You are a Growth Hacker

That’s right. You are a growth hacker.

Essentially every business function can benefit from thinking about effective ways to grow (or optimize) their business line. The key question being… how do we implement a growth hacking mindset in the jobs we’re already doing? One quickly realizes that growth hacking is a mindset. Here are four themes that will help you develop your hacking practice.

Beginner’s mind

Maybe the most important thing you can do to be a great hacker is to approach your current business challenges with a childlike playfulness and discovery. You can do this framing questions with “how might we…?” or “what if…?” type questions. We are ultimately in pursuit of the ability to make fresh and new connections about our business that likely would not have surfaced otherwise.

Example questions:

“How might we use our channel partners’ to mitigate our business challenges?

“How might we tap into our customers’ intrinsic motivation to share our content or service?”

“What if our product was engineered as a growth machine?”

Everything is a test

Now that we have cleared the way for something new to show up it’s now time to relieve ourselves of the responsibility of being right. Let me repeat. We’re going to relieve you of the responsibility of always having to be right! How so? Simply, treat everything as a test.

Everything business decision can be seen through an a/b testing lens. We can go way beyond just testing CTA button colors and headlines. Don’t know if investors want more or less information? Test it. Want to improve your all-hands meeting? Test it. Having trouble hiring? Test it.

My hope is that you instill this experimenting mindset into your company culture, so that instead of people arguing over this or that someone yells “test it!” In doing so, you may be pleasantly surprised to find that you spend less time making decisions. Moreover, by exploring the outer boundaries of a given problem, domain, or metric, you can free your experiments from misleading “local maximas” that can create artificial ceilings in your results. Take a look at the Javelin Validation and Experiment boards for testing tools and methodologies.

Challenge norms

Think like a rebel and be vigilant! In order to be an effective growth hacker, you have to wade into the unknown. The world is moving fast and technologies are changing faster than ever before. As one platform is rising in popularity, like Snapchat, another is dying, say Craigslist. We live in a constantly changing world of innovation with new digital channels constantly sprouting. Double-downing on new channels that contain your audience can be a gold-mine for those who invest the time and capital in understanding the new channel’s dynamics.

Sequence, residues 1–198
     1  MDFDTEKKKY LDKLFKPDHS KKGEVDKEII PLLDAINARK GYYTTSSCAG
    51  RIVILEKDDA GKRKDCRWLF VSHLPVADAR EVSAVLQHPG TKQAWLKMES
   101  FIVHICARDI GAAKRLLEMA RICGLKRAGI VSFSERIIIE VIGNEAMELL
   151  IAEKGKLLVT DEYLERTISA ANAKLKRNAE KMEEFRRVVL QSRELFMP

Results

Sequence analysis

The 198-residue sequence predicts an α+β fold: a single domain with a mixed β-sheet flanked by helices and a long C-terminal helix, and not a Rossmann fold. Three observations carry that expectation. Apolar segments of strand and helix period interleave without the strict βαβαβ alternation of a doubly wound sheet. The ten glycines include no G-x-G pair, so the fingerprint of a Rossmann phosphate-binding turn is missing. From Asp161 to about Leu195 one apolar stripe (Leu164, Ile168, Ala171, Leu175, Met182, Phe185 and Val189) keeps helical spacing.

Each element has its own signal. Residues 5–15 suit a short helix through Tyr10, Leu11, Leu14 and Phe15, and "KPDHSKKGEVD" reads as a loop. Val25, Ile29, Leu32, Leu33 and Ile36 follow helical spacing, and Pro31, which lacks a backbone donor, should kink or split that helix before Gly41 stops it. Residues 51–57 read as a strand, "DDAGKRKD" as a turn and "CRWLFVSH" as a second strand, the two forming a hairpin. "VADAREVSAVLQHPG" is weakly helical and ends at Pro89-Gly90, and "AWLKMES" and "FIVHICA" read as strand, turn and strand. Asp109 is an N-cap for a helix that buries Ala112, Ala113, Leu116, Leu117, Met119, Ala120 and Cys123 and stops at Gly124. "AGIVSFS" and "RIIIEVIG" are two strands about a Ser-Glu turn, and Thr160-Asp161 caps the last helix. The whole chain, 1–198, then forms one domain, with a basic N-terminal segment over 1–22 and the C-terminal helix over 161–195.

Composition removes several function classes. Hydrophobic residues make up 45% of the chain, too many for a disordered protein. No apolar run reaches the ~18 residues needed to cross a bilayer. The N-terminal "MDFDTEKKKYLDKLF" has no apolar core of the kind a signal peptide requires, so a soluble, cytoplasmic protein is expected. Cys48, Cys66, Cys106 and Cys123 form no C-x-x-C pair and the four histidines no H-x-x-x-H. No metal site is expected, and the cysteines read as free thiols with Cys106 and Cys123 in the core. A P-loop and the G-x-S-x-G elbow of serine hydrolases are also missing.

And don’t forget about offline and analog channels! These days almost everyone jumps to scalable, digital channels (there are many good reasons why), but I also see many entrepreneurs missing unique and valuable possibilities in traditional and offline marketing. Find new ways to merge offline and online activities to create new value exchanges not yet considered!

For a good outside-the-box example, check out the rise in “appreciation marketing,’ by reading this article by Joshua Fechter as an example of how to hack social media, your contact book, and so much more.

Other examples:

Uber: In the early days, it is purported that Uber faked supply by showing cars on the map that didn’t exist as a way to instill trust in those requesting a ride.

Airbnb: With a need to optimize their local reach, Airbnb created a Craigslist auto-posting bot that programmatically duplicated all Airbnb house posting on Craigslist. This was and still is against Craigslist TOS, but it worked.

Speed is your competitive advantage

In the startup world speed is everything. Speed is your competitive advantage against incumbents and bigger players. This is the one thing true across all startups, you are smaller, and therefore you should be able to move faster.

I think the lean startup methodology does a great job of demonstrating and defining how to build and iterate a Minimum Viable Product (MVP), but even still I think those concepts can be applied more broadly…

like speed and going FAST!

It wasn’t until Blueberry matriculated through the now legendary NFX Guild accelerator in early 2016 that I realized that speed was MISSION CRITICAL. In order to move fast, we have to change our baseline for how fast things should go, we call this our “speed bar.”

Ask yourself, ask your team, how fast are we going? Where can we go faster? Of course, fast does not mean careless. We work focused and deliberately, but we also celebrate mistakes and tests when they go wrong! Increase your learning cycles and you’ll get a leg up on the competition. Finally, you should be systematically benchmarking your data to identify where you can move the needle the most. And then stay laser-focused on these core KPIs. I also highly recommend using Zapier integrations to streamline and automate workflows, saving you an incredible amount of time and energy.

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